Review of The Origins of the Second World War | Murray N. Rothbard

[From a memo to Mr. Kenneth Templeton at the William Volker Fund, April 18, 1962.]

It is not often that one is privileged to review a book of monumental import, a truly significant “breakthrough” from obscuran­tism to historical knowledge and insight. But such a book is the magnificent work by A.J .P. Taylor, The Origins of the Second World War (London: Hamish Hamilton, 1961 — now New York: Athenaeum, 1962).

As Taylor points out and explains at the beginn­ing of this book, Revisionism of World War II, in every country of the world, has been virtually non-existent. In the United States Pearl Harbor revisionism has progressed a long way, and built up a successful body of historical literature, so that its opponents have had to beat one retreat after another.

But, in vivid contrast to the situation after World War I, the origins of the ”1939 war in Europe have been a locked door,” and the historical profession, as well as all the general public and official opinion, in all the countries involved, have clung grimly and tenaciously to almost the same views that were held at the height of the­ conflict itself.

While there has been a substantial shift in the wartime view that all Germany is and was forever guilty of war there has been no shift in the wartime view of Hitler and his Administration, and of the supposedly sole guilt which they incurred. The extent of the stifling atmosphere is indicated by the automatic disreputability, the shock, and shame, which any deviation from this propaganda line incurs if expressed verbally or in print.

Any raising of the semblance of a doubt over the official line that (a) Hitler was bent on conquering the world, and (b) the only way to meet the situation was to take a “firm” line and stop him, is to incur the automatic charge of being “pro-Hitler” or “pro-Nazi.” In the same way, the “historical blackout” operates today in the Cold War; any intimation that the Soviet is not solely responsible for the Cold War is met with the charge of being “pro-Communist” or “soft on Communism.”

All this is immeasurably aided by the old propaganda trick of identifying a State’s domestic with its foreign policy; paint a government’s domestic policy as wicked enough (e.g., Hitler, Communism), and the ignorant and the superficial will automatically agree that this wicked government must be guilty, and uniquely guilty, of any wars or threats of war that might arise, and that conversely the “good” United States (or Britain or France) will be uniquely innocent and virtuous.

In the United States, even Pearl Harbor revisionism could only fight its way against heavy and oppressive odds, and its champions could be written off by the Establishment as either “mere journalists” (Morgenstern, Chamberlin) or as former isolationists and opponents of U.S. entry into the war (Barnes, Tansill, et al.) — although this was hardly a disqualification for the most enthusiastic praise lavished on such renegade ex-isolationists as Langer, Commager, et al. And, Pearl Harbor revisionism has faced no difficulties compared to revisionism on Hitler and Germany — for the wartime emotionalism whipped up here and abroad against Japan was as nothing compared to the frenzy whipped up against Germany and against Hitler. Here the blackout war-born propaganda frenzy has been virtually total. Continue reading “Review of The Origins of the Second World War | Murray N. Rothbard”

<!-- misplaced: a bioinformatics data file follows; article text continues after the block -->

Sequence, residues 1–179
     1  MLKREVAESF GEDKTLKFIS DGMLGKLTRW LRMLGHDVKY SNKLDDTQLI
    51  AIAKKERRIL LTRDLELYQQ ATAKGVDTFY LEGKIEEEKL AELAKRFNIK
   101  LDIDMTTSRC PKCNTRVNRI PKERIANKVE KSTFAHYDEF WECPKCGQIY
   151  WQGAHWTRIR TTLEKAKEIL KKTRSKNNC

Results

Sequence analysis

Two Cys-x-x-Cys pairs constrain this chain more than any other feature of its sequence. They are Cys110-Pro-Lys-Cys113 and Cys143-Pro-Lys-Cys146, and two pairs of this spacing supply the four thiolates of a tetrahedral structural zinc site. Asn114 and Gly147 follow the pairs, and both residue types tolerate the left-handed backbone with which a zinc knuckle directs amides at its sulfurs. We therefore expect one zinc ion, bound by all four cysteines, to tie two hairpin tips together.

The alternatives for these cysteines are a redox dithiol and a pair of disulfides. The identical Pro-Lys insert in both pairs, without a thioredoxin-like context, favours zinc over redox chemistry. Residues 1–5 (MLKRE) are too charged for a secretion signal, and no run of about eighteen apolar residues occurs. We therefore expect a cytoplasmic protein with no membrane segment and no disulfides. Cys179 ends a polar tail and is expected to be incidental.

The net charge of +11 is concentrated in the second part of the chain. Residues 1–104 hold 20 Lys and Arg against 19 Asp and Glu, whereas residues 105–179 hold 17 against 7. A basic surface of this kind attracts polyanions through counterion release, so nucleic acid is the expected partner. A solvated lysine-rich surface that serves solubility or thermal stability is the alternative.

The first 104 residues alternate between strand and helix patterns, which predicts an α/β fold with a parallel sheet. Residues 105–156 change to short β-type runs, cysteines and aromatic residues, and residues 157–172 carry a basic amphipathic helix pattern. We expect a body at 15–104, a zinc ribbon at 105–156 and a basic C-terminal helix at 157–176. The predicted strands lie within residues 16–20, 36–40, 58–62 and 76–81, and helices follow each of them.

The NAFTA Myth | Murray N. Rothbard

Rothbard’s essay on NAFTA, reprinted below, is available in the collection Making Economic Sense.


For some people, it seems, all you have to do to convince them of the free enterprise nature of something is to label it “market,” and so we have the spawning of such grotesque creatures as “market socialists” or “market liberals.” The word “freedom,” of course, is also a grabber, and so another way to gain adherents in an age that exalts rhetoric over substance is simply to call yourself or your proposal “free market” or “free trade.” Labels are often enough to nab the suckers.

And so, among champions of free trade, the label “North American Free Trade Agreement” (Nafta) is supposed to command unquestioning assent. “But how can you be against free trade?” It’s very easy. The folks who have brought us Nafta and presume to call it “free trade” are the same people who call government spending “investment,” taxes “contributions,” and raising taxes “deficit reduction.” Let us not forget that the Communists, too, used to call their system “freedom.”

In the first place, genuine free trade doesn’t require a treaty (or its deformed cousin, a “trade agreement”; Nafta is called a trade agreement so it can avoid the constitutional requirement of approval by two-thirds of the Senate). If the establishment truly wants free trade, all it has to do is to repeal our numerous tariffs, import quotas, anti-“dumping” laws, and other American-imposed restrictions on trade. No foreign policy or foreign maneuvering is needed.

If authentic free trade ever looms on the policy horizon, there’ll be one sure way to tell. The government/media/big-business complex will oppose it tooth and nail. We’ll see a string of op-eds “warning” about the imminent return of the 19th century. Media pundits and academics will raise all the old canards against the free market, that it’s exploitative and anarchic without government “coordination.” The establishment would react to instituting true free trade about as enthusiastically as it would to repealing the income tax. Continue reading “The NAFTA Myth | Murray N. Rothbard”